Stocks Slump As US-China Tensions Heat Up

A woman walks past a screen showing information and the index of the Taipei Stock Exchange on July 24, 2020. Sam Yeh / AFP
A woman walks past a screen showing information and the index of the Taipei Stock Exchange on July 24, 2020. Sam Yeh / AFP


Global equities took a beating Friday as China-US tensions intensified, while stalled stimulus talks in Washington fuelled fears for the economy, traders said.

Lingering worries about the impact on businesses of fresh coronavirus outbreaks helped trigger major profit-taking, overshadowing a batch of bright data in Europe.

“It’s a sour end to the trading week,” said AJ Bell investment director Russ Mould.

The Dow was down nearly 140 points approaching midday in New York, “adding to yesterday’s declines in morning action as friction between the US and China heated up overnight”, said Charles Schwab analysts.

European indices were up to two percent lower at the close.

Earlier in Asia, Shanghai and Hong Kong had already dived as relations between the world’s two superpowers took another bad turn when China ordered the closure of the US consulate in Chengdu in retaliation for America shuttering Beijing’s diplomatic mission in Houston this week.

File photo: Traders work on the floor of the New York Stock Exchange (NYSE) on January 27, 2020 in New York City.  Spencer Platt/Getty Images/AFP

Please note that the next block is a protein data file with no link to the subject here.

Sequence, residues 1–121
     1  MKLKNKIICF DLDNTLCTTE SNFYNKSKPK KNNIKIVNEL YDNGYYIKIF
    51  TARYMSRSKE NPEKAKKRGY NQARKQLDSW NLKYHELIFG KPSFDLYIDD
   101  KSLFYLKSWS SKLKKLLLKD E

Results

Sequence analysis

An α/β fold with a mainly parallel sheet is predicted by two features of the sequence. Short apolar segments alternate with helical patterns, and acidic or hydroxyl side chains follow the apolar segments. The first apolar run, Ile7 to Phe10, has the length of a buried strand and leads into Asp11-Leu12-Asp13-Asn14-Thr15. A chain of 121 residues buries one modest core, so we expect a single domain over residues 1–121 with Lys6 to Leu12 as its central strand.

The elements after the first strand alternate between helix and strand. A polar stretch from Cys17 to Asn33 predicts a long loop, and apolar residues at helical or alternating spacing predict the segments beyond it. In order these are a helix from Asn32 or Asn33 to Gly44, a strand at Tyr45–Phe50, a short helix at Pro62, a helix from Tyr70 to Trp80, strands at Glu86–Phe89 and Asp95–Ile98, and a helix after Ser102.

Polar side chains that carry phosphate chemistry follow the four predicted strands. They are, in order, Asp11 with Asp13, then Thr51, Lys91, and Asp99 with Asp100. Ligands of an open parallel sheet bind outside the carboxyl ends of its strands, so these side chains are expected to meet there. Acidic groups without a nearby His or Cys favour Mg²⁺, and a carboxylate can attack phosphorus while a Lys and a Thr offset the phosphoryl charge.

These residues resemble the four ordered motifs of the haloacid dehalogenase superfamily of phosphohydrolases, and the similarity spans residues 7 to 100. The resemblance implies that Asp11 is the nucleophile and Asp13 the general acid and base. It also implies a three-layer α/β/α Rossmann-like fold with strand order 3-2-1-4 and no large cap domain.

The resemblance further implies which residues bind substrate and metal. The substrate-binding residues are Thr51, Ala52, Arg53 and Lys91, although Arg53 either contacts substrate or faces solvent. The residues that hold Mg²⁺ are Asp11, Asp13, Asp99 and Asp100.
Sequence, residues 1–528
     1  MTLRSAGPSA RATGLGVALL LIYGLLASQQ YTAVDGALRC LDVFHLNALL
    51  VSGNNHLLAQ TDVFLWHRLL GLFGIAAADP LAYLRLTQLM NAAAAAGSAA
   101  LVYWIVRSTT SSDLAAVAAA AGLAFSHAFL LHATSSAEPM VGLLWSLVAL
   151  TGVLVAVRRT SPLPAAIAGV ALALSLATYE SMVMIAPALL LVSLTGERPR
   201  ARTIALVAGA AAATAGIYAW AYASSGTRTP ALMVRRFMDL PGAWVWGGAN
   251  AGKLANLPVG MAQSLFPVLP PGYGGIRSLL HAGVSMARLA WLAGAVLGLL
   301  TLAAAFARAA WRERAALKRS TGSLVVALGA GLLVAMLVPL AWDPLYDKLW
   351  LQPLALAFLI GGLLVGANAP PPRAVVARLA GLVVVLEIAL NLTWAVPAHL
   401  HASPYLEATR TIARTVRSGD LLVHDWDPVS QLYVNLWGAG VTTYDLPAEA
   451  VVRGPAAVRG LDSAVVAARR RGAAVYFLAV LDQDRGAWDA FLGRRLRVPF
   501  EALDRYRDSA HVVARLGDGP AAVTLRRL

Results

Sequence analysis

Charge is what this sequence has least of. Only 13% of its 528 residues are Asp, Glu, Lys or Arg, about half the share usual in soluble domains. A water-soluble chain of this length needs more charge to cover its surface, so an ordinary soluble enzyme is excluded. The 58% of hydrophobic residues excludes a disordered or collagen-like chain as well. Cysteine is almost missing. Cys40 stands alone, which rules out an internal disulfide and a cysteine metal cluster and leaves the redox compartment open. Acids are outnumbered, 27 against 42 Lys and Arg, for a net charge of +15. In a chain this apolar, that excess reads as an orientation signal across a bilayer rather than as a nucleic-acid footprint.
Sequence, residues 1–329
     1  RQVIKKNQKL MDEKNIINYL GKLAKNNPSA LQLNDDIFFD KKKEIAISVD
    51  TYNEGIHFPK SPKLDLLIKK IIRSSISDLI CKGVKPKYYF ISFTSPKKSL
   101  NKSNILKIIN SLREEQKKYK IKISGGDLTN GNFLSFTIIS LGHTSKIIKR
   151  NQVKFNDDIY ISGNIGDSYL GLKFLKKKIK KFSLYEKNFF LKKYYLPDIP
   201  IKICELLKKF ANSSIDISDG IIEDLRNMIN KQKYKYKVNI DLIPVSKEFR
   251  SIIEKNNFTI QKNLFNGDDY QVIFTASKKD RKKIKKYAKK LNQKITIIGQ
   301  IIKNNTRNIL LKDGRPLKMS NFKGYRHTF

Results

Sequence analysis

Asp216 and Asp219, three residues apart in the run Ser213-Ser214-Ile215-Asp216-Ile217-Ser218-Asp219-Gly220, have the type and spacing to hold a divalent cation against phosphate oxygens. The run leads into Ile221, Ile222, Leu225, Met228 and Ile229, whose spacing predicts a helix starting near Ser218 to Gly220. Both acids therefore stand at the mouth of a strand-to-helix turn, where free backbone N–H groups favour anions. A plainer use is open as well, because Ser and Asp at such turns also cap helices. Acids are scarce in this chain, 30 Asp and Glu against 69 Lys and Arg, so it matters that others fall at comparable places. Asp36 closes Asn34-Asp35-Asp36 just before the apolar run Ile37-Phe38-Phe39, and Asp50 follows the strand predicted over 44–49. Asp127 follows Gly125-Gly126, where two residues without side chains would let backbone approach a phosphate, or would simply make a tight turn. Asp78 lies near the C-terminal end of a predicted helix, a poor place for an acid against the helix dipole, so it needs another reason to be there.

The standoff is the latest in a string of issues — including Hong Kong, coronavirus and Huawei — that have plunged relations between the superpowers into crisis.

Stock markets were also still reeling from Thursday’s report of a rise in new jobless claims in the US which prompted doubts about any ongoing economic rebound there, traders reported.

Hopes that the data would spur US lawmakers to push on with fresh stimulus measures were undermined by the inability of Republicans and the White House to agree on a $1.0 trillion stimulus proposal.

Haven asset gold meanwhile jumped within spitting distance of $1,900 for the first time since late 2011, boosted by economic uncertainty, geopolitical tensions and Federal Reserve monetary easing that has weakened the dollar.

Oil attempted to stage a rebound having tanked Thursday, but then investors lost heart, overwhelmed by demand worries, and pushed crude lower again.

Key figures around 1540 GMT